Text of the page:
Wading through the brown, murky water I peered around nervously. It was only shin deep now but the news said the worst was yet to come. My eyes welled up at the sight of the once immaculate living room. The beige carpet which we spent hours choosing was completely ruined. I could just see my mother laughing in her crimson armchair with a drink of tea and one hand a cigarette in the other. She would be heartbroken if she saw this now. As if snapping back into reality I felt a small hand tugged at my waist, “Daddy don’t you think that our house looks like a swimming pool”. I really didn’t want my son to see this but he persisted on getting back his favourite toy whilst we were staying at my sister’s cottage. All of a sudden he stopped and headed for the stairs. ‘I can hear a noise’ was all he said. Picking him up we climbed the creaking staircase together. I could faintly hear it too. The noise was muffled and came from my son’s bedroom across the landing. ‘Stay here Alfie, let me go first’, unsure of what was in there I reached for the door handle. The blue door was slightly ajar. Alfie standing behind me, nervously gripped my hand and I gave his a gentle squeeze to reassure him. Pushing it open together we were shocked at what we saw. A stray tabby cat with two tiny kittens was laid on his bed. ‘Kitties!’ My son brushed past me and made a beeline for the animals. Their little furry bodies, huddled close together for warmth were so thin. ‘Daddy can we keep them?! They need a new home like us and and and please pleaseeeee’. I could tell from this moment Alfie was completely besotted. We had lost an awful lot due to the freak weather so any happiness I could bring my son I would gladly accept. They were definitely stray cats, three of them in total.
That was three months ago. Now Tily, Tabby and Tiny are just like us, they have a brand new home and a brand new start. After seeing them so vulnerable it made me realise that the terrible flood affected everybody. They were fragile for a while but Alfie helped to nurse them back to health. It gave him a project, something to take his mind of the loss of our possessions and ruined house. He now wishes to be a veterinarian when he grows up. These stray cats gave him happiness at a time when he needed it the most. Not everybody was lucky though people are still living in B&Bs whilst the clean-up operation is still under way. The downstairs of our lovely home was completely engulfed by over a foot of filthy water from the Thames. It was trashed, so I decided to move the both of us with cats in tow to a cottage near my sister’s where we are rebuilding our lives.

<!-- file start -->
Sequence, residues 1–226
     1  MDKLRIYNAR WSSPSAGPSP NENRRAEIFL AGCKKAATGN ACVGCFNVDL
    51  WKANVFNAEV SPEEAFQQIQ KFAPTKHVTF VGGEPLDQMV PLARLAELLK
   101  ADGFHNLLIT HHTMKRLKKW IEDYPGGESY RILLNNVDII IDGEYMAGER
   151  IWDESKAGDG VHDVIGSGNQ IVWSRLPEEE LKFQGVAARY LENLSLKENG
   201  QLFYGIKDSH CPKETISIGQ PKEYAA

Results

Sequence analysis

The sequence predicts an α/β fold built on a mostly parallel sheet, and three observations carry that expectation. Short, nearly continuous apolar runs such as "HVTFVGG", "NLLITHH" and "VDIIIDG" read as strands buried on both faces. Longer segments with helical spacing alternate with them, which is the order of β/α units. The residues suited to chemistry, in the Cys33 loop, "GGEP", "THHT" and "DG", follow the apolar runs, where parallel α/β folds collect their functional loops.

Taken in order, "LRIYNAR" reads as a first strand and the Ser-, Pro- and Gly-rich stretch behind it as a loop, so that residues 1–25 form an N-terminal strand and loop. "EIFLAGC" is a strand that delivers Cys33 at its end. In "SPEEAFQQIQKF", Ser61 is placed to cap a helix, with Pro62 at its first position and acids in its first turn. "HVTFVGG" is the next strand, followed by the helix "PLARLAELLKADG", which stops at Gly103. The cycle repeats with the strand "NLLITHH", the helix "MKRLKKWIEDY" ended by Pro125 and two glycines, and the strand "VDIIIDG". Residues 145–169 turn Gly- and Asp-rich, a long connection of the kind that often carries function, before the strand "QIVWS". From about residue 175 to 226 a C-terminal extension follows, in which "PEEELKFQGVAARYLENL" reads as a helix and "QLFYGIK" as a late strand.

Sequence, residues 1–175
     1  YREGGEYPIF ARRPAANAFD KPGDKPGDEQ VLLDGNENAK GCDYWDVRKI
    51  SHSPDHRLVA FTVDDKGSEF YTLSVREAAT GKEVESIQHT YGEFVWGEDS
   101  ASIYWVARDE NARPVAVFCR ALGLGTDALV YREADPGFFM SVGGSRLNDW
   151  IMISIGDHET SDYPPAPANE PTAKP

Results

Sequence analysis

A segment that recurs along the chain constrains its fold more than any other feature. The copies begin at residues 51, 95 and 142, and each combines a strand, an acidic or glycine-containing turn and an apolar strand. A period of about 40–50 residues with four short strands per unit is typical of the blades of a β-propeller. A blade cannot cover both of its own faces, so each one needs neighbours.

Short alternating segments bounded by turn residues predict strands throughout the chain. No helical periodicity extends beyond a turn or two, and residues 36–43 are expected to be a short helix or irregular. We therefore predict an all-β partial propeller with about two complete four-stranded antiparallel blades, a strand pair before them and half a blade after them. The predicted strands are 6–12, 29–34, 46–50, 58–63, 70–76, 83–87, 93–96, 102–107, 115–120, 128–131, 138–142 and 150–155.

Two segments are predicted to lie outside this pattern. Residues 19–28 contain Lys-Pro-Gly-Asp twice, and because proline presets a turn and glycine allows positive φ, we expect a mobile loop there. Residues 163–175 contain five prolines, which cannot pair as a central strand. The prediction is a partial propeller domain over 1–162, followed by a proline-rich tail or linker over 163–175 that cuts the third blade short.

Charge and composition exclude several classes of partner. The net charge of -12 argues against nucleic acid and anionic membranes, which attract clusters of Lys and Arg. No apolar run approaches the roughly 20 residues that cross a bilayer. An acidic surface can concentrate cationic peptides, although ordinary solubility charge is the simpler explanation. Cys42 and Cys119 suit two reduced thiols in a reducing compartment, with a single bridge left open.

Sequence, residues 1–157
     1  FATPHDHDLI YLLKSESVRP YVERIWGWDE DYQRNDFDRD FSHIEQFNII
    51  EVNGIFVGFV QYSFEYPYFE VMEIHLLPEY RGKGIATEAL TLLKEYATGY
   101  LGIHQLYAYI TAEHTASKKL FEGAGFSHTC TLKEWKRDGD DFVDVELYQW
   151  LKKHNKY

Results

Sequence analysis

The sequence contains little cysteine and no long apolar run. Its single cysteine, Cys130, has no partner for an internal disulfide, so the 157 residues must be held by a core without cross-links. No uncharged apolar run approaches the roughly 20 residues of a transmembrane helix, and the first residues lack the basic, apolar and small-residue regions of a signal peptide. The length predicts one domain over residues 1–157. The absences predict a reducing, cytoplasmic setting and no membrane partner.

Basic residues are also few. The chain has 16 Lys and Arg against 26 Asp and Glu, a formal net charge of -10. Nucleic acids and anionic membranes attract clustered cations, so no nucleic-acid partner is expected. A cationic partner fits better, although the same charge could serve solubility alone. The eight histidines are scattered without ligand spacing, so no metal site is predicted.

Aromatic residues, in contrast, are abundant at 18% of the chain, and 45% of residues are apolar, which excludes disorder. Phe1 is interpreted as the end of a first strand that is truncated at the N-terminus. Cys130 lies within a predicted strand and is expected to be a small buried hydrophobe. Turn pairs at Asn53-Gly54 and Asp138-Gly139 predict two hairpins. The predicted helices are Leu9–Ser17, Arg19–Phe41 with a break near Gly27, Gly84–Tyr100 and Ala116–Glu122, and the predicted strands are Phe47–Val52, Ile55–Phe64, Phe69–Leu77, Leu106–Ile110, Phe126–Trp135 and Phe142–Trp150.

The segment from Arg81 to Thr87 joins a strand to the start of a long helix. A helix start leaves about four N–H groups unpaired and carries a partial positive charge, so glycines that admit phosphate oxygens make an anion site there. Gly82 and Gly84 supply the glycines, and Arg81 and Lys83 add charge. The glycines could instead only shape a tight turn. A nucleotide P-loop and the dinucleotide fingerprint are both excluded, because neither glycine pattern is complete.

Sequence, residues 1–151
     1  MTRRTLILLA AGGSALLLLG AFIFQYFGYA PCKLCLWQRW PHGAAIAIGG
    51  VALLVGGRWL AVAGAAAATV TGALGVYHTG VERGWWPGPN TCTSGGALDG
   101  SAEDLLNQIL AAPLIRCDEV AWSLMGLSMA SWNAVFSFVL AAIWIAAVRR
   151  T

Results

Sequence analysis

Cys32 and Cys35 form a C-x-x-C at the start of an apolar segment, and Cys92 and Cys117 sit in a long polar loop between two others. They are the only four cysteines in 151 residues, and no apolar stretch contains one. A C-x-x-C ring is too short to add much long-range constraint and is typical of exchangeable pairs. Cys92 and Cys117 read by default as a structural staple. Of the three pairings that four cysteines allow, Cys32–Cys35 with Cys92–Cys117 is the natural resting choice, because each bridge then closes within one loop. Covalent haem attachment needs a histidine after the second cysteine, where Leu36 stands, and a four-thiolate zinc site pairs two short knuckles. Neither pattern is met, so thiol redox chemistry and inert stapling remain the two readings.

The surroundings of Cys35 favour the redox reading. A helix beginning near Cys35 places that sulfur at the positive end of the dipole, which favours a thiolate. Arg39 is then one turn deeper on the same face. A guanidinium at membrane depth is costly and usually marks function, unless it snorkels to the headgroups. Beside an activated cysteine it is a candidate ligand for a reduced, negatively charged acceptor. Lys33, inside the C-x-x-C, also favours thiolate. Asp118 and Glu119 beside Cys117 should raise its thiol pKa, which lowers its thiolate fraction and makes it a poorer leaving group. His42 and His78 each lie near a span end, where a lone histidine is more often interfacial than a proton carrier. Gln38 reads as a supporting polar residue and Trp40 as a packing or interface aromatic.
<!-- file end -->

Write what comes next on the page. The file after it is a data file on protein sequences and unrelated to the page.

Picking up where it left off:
I could feel the train coming to a steady halt. The stop after was mine I was sure of it. Outside the window was a layer of pitch black. The darkness was deceiving and could easily be mistaken for a tunnel. Pulling my thick duffel coat around me I’d forgotten how much colder it was here. The harsh winter air nipped my ears and nose as the train gushed past the Yorkshire countryside. One of the windows must be open I thought. The train you could tell was an old one, with dated logos and seating that was faded and frayed. Sitting on a window seat, I was lost in my own thoughts, wondering how many people had sat here before me, where they were going and who were they with. My day dreams then were abruptly cut short by the realisation of people boarding. A woman sat next to me, she smiled at me as she did. Smiling back I noticed her hair was delicately plaited into a neat little grey bun. She was perhaps my grandma’s age and was carrying her flowery handbag close under her arm. Reaching into her bag, she rummaged through and retrieved a novel. It was the book thief by Markus Zusak – one of my favourites. Although I only had a brief glance at the cover I knew exactly what it was. Without thinking I blurted out, ‘so interesting having death as the narrator’. The lady put her finger in between the book to mark her page then turned to me. She said in a thick Russian accent, ‘do you know that is exactly what I think too, I’ve never read anything like it before’. She then smiled at me again, this time I noticed up close the carefully applied blusher and lipstick and the matching pearl earrings and necklace she was wearing. Over the speaker my stop was announced as the next one. I gathered my belongings whilst making a comment on the book and how much I enjoyed it. She looked glad of the company on her way to wherever she was heading. Standing up I put my rucksack back on, whilst reaching deep in my coat pocket for my ticket. I carefully moved around her and she said for me to get home safely and to enjoy the rest of my night. Although it wasn’t much, it surprised me that a random stranger would be so kind. Usually on this train people are quiet, earphones in and the only sound they make is the grunt to the ticket collector. Smiling at her I said the same. It made me think, how different the younger and older generations are.